Category: Linux Nuxlin

Linux Mint Cinamon 20.3 Brightness buttons NVIDIA on MacBook late 2008 aluminium unibody

I had a lot of trouble getting the MacBook screen brightness keys to work with the NVIDIA driver (which was needed, because if the open source one was selected – apps would freeze/crash a lot)

I followed a few instructions, but the Keys are not F1 and F2, because that would need the function key – they are named:

“xbacklight -14”
“xbacklight +14″

(which is the settings file home ~/.xbindkeysrc )

Output all keys/mouse movements –
Run xev from a terminal. This will give you a new window.
Place your mouse pointer in this window, type some keys and watch for results in the terminal.

My grub settings are (I show a bunch of text on boot)

Terminal – sudo update-grub

And follow these instructions:
(middle of the thread)

Gvim loading slowly when used with FileZilla

I learned emacs and vim briefly, so I wanted to start using it with everything, especially FileZilla, which is where I do a lot of coding.

I installed Gvim, since logging into the server through the terminal, and editing files directly with vim was too cumbersome (you needed to manually download a file, edit it, then upload it all in the terminal..)

I had this as my default editor:


And files were taking 5-10 seconds to load after they were downloaded from the server.. 
I changed it to:

/usr/bin/gvim -f

And it fixed it (for some reason)

Ubuntu GIF screen cast

A screencast is the recording of computer screen (aka screen capture) with the help of screen recording software. If you want to convert these screencasts into animated GIFs to use them on your blog or website, then this tutorial will explain this using two methods under Ubuntu/Linux Mint.

Method 1

The first method consists of using Byzanz which allows to record screencasts as GIFs. To install it under Ubuntu 12.10/12.04/11.10 or Linux Mint 13/12, open the terminal and run these commands:

sudo add-apt-repository -y ppa:fossfreedom/byzanz
sudo apt-get update
sudo apt-get install -y byzanz

You can now use this comman to record GIF screencasts (replace details with your own):

byzanz-record --duration=15 --delay=2 --cursor --x=65 --y=88    --width=666 --height=500  output.gif


For more help about the use of Byzanz, run this command:

byzanz-record –help

Note: The GIF file will be saved in the current terminal location.


Basic Black Windows 7 – no Aero, dark.

(slightly off topic on linux, but if you are using Win7:)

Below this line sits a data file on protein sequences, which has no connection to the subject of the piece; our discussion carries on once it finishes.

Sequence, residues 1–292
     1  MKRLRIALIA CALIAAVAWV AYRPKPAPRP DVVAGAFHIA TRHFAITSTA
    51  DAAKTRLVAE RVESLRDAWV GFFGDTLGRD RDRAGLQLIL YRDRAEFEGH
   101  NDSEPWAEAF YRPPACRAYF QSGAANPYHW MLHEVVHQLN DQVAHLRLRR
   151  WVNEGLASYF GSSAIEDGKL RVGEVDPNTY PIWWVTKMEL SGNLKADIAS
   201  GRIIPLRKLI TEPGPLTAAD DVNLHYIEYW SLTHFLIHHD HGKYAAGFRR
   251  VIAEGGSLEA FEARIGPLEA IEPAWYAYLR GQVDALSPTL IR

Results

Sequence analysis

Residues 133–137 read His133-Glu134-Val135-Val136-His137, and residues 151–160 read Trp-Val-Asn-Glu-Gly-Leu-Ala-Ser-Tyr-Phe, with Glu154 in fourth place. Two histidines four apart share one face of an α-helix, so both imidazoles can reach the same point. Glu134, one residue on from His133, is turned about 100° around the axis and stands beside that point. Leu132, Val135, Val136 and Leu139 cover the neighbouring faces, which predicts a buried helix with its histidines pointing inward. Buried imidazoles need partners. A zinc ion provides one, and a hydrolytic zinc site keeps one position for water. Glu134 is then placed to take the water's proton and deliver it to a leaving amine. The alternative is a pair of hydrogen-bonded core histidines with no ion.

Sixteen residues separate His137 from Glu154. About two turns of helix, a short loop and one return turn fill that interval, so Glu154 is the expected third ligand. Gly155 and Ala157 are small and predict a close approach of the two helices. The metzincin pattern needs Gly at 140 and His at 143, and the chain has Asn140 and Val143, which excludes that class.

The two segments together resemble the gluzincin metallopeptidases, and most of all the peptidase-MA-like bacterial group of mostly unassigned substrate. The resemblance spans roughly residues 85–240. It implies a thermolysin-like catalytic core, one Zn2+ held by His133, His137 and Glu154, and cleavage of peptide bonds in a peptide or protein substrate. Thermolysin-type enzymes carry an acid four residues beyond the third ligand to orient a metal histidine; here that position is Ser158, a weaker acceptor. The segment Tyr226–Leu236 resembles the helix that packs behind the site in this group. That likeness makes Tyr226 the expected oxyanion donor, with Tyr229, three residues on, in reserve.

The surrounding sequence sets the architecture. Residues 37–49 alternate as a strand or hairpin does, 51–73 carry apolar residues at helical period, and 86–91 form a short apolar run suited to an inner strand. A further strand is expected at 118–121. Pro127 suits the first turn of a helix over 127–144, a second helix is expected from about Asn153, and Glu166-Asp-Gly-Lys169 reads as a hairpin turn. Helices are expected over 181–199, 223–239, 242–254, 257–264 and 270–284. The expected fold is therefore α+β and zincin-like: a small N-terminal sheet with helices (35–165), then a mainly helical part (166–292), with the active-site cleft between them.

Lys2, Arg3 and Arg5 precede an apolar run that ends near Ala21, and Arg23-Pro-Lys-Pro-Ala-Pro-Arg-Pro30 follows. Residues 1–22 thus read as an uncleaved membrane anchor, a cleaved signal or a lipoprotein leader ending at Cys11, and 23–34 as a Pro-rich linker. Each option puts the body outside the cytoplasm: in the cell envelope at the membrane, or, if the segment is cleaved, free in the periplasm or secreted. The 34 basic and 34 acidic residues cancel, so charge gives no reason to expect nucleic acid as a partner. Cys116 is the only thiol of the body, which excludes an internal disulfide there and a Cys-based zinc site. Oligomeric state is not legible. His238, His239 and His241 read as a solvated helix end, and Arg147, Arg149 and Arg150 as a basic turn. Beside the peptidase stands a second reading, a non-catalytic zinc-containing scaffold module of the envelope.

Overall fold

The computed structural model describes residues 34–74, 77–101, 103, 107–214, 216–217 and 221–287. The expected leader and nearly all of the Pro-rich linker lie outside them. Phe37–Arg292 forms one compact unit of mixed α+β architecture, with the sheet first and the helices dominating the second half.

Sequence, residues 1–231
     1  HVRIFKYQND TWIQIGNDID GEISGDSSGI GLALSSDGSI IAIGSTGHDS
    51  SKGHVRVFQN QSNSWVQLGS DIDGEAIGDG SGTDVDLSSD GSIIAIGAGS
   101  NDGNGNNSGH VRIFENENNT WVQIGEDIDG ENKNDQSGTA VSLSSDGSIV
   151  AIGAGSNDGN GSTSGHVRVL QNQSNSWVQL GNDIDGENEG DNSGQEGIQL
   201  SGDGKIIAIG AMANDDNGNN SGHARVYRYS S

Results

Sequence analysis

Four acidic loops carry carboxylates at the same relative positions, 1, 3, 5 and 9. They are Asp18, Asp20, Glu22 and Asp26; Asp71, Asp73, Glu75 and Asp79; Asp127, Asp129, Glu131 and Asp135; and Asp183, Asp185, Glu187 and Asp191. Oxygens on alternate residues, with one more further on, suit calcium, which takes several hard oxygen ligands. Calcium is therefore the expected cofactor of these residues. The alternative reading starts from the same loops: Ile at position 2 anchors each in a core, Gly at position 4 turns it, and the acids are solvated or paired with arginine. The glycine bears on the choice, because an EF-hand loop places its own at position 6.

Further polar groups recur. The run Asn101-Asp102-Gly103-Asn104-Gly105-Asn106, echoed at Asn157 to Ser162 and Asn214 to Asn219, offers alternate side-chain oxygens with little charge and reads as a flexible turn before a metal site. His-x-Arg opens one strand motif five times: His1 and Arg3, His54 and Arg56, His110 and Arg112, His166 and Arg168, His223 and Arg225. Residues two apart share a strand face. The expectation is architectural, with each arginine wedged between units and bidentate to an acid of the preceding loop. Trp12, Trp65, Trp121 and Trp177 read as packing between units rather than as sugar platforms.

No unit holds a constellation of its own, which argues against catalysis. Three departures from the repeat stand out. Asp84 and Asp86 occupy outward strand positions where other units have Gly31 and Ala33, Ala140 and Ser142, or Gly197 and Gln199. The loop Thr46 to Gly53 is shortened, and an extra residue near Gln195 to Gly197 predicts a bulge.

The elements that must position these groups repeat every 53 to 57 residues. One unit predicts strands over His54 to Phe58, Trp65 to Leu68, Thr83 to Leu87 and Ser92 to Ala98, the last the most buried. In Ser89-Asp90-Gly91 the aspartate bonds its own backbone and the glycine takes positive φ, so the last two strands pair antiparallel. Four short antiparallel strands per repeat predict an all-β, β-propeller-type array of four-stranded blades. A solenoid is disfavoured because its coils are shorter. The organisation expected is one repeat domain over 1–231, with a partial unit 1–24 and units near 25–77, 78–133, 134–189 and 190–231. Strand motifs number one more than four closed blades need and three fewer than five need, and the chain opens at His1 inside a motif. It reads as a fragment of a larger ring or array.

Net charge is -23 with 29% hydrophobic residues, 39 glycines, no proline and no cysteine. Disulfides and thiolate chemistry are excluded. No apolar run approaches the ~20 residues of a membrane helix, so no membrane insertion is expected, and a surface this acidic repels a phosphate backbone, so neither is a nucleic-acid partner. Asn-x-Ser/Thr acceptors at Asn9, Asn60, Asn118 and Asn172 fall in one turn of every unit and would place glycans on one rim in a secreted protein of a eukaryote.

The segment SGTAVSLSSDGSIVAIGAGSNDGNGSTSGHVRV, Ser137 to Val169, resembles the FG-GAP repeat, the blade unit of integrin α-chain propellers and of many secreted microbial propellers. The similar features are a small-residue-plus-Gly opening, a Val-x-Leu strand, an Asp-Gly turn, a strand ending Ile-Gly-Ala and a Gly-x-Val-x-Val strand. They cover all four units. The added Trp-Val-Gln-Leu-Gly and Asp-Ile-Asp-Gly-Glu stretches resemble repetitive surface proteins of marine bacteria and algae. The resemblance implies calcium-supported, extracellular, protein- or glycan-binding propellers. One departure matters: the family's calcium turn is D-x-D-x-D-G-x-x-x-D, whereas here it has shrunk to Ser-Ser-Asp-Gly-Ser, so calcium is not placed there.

Save on system rescources, use old graphics cards, and keep Aero off Win 7 and use this dark theme.

May need some reset(s) to make it all function ~

And say goodbye to pale washed out blue ~ ~ 
(why is linux the only OS that lets you chose a theme without hacking the system??? *facepalm***)

Easy file manipulations in locked folders

Sometimes you want to delete/ insert/ edit files that are in some locked location – like – outside your Home folder, in the system somewhere in Ubuntu. You could use the terminal to gain admin privileges and access the files, or copy/ move folders, but there is an easier way. You can do it through the GUI by typing this into the terminal:

  • gksudo nautilus

Then a new finder window will open in which you will be running in SUDO – Admin. Nautilus is the file manager used in Ubuntu Unity. If you use Kubuntu it would be “kdesudo dolphin” for example. This is an add-on which adds an “Open as administrator” dialogue to right click.

Right click on image – press resize – Easy!

Sometimes we need to resize some images to email or use as a thumbnail – now you can right click in ubuntu and click resize. simple ~

  • open the terminal
  • copy this: 
    sudo apt-get install nautilus-image-converter
  • paste it into the terminal by pressing Ctrl + Shift + V
  • enter + password, and it will install
  • on next login/reboot, there will be a new item when you right click on images ~

Extract here when double click

Mac computers save a bit of time with extracting for simple people that just want to always extract to current folder – just double click, and it loads.. no menus, no semi-extracted file browsers. Simple.

In ubuntu: do this:

  • right click on a ZIP file (etc.)
  • select: “open with other application”
  • click “use custom command”
  • paste in ”/usr/bin/file-roller -h”
  • check “remember this application”

And that’s it  ~ ZIP files will always extract on double click.

(you need to repeat this process for different types of archives)

Adding Microsoft Fonts to Ubuntu System

To add Windows fonts to Ubuntu:

  • go into the file viewer, and go to your home directory
  • in the menu go to View -> “Show hidden files”
  • find the hidden folder called “.fonts” – if it doesn’t exist, make it
  • put all Windows fonts in this directory
  • you may need to restart programs to access new fonts in them

Resize windows by holding Alt, and draging right click

In Ubuntu the edge of windows for resizing is quite sensitive and thin.

But there is an easier way to resize windows ~ 
just like you can move windows around by holding Alt and draging the window with your left mouse button – you can do the same with your right mouse button to resize the window.

Install Compiz – then do this:

Alt+F2 (run program) -> type ‘gconf-editor’ ->  click to directories: apps -> metacity -> general -> ‘resize_with_right_button’ tick the checkbox

And that’s it ~

File Sharing – Mac and Ubuntu

This is a random tip:

It’s quite easy to share files between Ubuntu and Apple Mac if connected to the same WIFI network.

  • just open mac’s
    Settings -> Sharing ->Check box file sharing on
  • click next to the checkbox -> otions
  • share files and folders using FTP check on

Then from Ubuntu,

  • click places -> Network, and it should show
  • type in the Mac login details to connect
  • you can now browse the mac directories, and take files from there, or put files there.